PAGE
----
In Aldous Huxley’s Island, there is a mynah bird that sings: "Attention, Attention. Here and now, boys." Here’s a dialogue from Island between a young native islander and Will, a shipwrecked western man, who suffers from a disease called civilization. ...she turned, waved a small brown hand and whistled. “Here and now, boys,” the bird repeated yet once more, then fluttered down from its perch on the dead tree and settled on her shoulder. The child peeled another banana, gave two-thirds of it to Will and offered what remained to the mynah. “Is that your bird?” Will asked. She shook her head. “Mynahs are like the electric light,” she said. “They don’t belong to anybody.” “Why does he say those things?” “Because somebody taught him,” she answered patiently. What an ass! her tone seemed to imply. “But why did they teach him those things? Why ‘Attention’? Why ‘Here and now?’” “Well …” She searched for the right words in which to explain the self-evident to this strange imbecile. “That’s what you always forget, isn’t it? I mean, you forget to pay attention to what’s happening. And that’s the same as not being here and now.” “And the mynahs fly about reminding you—is that it?” She nodded. That, of course, was it. There was a silence. The ovenbird also sings an insistent song. It starts soft but gains volume as it continues: teacher, TEACHER, TEACHER! All too often I am like Will, the strange imbecile that needs reminding. Being in the woods in the spring, listening to this song, this insistent little teacher always brings me back to here and now.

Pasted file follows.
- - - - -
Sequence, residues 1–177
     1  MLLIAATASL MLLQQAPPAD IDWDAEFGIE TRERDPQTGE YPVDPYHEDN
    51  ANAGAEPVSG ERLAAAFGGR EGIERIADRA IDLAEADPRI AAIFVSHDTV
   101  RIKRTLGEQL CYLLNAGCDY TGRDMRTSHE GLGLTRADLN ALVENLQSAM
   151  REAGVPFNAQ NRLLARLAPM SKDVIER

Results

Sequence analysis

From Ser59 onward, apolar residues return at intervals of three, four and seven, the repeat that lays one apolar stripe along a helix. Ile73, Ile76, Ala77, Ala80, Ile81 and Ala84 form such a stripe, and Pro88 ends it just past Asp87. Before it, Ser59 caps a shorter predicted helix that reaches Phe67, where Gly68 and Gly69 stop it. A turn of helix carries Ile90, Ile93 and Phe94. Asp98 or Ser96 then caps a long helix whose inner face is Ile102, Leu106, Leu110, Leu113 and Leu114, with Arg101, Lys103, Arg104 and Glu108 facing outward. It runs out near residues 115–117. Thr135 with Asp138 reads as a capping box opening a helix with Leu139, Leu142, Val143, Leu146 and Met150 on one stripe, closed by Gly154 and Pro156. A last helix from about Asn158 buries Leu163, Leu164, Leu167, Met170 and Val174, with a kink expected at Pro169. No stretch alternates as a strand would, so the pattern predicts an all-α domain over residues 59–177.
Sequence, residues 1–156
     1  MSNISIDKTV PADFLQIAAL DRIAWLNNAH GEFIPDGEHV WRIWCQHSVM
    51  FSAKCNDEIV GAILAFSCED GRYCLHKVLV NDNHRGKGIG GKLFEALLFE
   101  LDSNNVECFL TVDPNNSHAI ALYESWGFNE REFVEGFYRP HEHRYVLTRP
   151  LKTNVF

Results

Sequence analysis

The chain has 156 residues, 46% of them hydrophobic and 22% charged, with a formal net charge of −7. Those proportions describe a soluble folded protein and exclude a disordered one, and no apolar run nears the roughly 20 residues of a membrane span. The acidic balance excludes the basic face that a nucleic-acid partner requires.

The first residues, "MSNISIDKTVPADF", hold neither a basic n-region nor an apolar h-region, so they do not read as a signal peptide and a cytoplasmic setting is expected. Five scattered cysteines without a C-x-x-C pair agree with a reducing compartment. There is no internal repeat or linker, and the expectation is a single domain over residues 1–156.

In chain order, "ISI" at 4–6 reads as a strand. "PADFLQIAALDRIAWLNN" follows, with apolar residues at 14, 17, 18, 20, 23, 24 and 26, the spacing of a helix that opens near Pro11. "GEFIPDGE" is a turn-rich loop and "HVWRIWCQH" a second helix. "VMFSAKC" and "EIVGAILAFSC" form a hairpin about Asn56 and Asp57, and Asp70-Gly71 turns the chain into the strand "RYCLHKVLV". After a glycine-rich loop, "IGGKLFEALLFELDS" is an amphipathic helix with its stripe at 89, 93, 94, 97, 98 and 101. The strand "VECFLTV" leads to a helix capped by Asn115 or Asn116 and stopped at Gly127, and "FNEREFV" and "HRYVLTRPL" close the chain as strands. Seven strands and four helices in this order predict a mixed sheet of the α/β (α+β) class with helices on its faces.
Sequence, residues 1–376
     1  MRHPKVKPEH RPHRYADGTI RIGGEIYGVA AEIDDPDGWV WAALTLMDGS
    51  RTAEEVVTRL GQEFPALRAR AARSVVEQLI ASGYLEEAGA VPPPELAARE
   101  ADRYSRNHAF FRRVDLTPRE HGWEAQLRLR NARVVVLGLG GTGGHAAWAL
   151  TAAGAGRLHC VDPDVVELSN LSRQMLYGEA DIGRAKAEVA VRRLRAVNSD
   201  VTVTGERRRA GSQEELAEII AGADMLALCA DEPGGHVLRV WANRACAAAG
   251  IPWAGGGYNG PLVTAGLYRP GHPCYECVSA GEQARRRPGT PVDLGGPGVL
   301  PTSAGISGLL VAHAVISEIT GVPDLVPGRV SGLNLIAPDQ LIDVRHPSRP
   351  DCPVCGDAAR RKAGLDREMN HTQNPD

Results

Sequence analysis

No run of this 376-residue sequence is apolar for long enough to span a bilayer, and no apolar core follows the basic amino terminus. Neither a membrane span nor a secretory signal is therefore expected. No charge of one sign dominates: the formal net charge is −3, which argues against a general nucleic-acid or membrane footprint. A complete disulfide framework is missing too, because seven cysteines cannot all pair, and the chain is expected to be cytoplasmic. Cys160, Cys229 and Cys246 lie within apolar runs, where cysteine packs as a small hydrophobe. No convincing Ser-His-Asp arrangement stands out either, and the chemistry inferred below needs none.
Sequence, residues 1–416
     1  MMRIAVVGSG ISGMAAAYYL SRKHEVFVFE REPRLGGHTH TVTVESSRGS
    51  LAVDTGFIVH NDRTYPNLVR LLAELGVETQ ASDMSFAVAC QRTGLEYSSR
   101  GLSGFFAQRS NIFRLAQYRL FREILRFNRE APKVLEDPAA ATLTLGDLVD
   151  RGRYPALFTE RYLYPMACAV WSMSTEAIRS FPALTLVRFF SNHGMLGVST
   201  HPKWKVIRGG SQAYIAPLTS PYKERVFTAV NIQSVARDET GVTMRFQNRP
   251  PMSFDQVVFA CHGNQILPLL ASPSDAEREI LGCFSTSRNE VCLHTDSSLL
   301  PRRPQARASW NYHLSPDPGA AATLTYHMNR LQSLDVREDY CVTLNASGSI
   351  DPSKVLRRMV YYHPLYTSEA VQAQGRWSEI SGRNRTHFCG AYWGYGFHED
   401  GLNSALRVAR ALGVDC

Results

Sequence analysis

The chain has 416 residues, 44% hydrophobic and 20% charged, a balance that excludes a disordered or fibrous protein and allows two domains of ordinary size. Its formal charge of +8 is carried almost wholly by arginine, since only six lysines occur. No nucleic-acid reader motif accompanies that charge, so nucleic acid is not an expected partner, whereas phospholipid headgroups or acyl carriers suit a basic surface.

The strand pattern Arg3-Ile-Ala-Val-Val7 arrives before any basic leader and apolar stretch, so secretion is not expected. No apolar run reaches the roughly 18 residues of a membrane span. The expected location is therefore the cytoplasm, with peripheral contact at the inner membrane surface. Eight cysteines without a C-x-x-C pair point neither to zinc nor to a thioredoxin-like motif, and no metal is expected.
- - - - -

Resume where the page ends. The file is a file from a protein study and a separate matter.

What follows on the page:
Ovenbird song is a 10" x 10" acrylic painted on a wood panel. It sold in February 2023.